I began to consider that some people have just lived alone too long, without the benefit of enough adult company. I wondered how many childhood stories a 50 year old might remember in the space of one brunch. It will give you a good gauge of my other prospects when I tell you that I did go out with Arnold again. But, this time I was ready. My friend Ann had suggested a perfect question to ask him: “So, what would you like to know about me?” and I knew that if I could deliver that without an edge, things might go better.

Sure enough, I felt I had something like equal time that night and I started to think that Arnold was the kind of person who would grow on you. I kept trying to peel my eyes away from the solo hairs sprouting now and again on his otherwise bald head and wondered if he might come to notice how other men tend to shave those away. But, going in to date three, I started to hope that maybe his awkward appearance and composure masked someone of great sexual prowess like the dorky reporter that becomes Superman. That’s why I decided that if he tried to kiss me, I’d kiss him back.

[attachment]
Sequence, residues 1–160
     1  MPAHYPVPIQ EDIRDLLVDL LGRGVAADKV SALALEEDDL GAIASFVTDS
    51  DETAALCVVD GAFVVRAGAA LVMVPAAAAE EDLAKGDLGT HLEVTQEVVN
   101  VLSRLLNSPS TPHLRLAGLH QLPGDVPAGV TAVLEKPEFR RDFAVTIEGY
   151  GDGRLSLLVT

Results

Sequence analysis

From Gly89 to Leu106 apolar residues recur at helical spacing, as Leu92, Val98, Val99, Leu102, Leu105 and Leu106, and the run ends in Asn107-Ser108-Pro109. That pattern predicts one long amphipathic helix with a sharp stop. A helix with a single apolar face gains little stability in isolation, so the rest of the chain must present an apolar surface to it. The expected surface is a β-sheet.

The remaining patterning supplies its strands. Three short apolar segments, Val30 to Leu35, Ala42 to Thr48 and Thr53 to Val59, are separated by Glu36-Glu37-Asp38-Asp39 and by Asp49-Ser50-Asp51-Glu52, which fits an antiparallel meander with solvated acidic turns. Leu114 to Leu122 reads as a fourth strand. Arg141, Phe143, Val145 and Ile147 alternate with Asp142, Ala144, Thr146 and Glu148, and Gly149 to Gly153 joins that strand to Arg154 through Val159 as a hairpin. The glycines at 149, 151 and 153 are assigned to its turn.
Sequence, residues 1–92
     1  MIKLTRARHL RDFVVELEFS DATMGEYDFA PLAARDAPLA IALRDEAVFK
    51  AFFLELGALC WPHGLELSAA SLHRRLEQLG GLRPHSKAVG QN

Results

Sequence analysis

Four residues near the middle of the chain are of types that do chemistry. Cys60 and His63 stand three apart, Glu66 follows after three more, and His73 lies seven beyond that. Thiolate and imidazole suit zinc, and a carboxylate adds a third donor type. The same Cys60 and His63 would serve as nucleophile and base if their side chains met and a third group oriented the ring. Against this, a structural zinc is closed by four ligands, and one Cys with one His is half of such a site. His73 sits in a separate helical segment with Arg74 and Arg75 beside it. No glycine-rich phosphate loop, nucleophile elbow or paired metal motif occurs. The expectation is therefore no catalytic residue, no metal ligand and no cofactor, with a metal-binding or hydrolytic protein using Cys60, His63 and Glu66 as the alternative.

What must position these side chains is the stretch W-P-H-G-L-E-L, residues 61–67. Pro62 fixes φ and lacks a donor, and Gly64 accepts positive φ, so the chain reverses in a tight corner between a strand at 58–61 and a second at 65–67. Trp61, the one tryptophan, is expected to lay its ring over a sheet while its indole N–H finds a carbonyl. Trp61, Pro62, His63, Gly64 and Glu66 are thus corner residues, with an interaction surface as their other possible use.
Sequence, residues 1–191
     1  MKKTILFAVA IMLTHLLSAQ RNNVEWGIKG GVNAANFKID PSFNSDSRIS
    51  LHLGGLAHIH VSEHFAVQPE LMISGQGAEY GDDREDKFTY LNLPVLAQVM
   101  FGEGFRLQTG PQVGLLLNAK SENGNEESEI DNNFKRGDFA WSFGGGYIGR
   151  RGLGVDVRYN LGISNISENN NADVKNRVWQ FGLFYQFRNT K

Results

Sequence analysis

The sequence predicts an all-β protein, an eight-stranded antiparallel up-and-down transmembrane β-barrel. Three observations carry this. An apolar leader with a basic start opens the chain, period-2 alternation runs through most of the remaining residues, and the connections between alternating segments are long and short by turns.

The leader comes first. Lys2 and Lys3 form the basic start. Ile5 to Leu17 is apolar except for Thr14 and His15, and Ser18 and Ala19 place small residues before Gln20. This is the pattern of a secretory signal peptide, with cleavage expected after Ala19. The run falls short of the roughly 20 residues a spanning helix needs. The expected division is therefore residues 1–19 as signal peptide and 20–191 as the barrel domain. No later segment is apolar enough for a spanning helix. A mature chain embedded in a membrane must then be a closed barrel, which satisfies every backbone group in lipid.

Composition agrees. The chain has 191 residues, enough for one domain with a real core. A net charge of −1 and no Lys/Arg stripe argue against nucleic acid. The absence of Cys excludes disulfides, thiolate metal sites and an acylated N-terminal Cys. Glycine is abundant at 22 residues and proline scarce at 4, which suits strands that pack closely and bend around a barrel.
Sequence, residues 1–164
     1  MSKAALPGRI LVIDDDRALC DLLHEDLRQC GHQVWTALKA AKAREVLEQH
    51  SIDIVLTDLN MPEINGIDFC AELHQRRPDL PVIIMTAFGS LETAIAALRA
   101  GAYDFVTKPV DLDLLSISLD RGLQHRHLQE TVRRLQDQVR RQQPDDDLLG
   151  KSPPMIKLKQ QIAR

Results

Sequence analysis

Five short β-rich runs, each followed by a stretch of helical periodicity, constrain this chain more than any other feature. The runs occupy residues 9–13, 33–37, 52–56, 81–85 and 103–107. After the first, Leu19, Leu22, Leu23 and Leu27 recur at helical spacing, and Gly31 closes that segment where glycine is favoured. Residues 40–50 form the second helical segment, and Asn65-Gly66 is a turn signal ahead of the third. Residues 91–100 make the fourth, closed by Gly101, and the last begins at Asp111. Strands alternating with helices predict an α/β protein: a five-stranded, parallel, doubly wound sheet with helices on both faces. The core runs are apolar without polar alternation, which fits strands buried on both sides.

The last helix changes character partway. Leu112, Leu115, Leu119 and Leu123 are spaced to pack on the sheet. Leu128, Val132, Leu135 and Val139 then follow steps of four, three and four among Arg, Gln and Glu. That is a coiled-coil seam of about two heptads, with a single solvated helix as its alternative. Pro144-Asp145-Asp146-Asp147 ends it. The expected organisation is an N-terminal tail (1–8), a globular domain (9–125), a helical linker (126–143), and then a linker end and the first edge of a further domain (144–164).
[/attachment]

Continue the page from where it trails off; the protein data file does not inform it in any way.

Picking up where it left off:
At the fateful moment after walking me to my car, he leaned down to me and first kissed me somewhat shyly on the mouth. I responded with a slightly more open lipped kiss. And then, he thrust his tongue straight into my mouth full force like he was going for my tonsils and—left it there. Just left it sitting there, no movement. It was as if a big slug had landed in my mouth only I had no real say in removing it. And, then, mercifully it retreated, only to be thrust forth once again. I pictured a kid sticking out his tongue hard in kindergarten and tried to picture the relief I’d feel when it was over and I was telling Ann about it.

“Well, goodnight,” I managed pushing him firmly away with both hands on his shoulders and turning to open my door as quickly as I could. Apparently, Arnold was not going to be my Superman.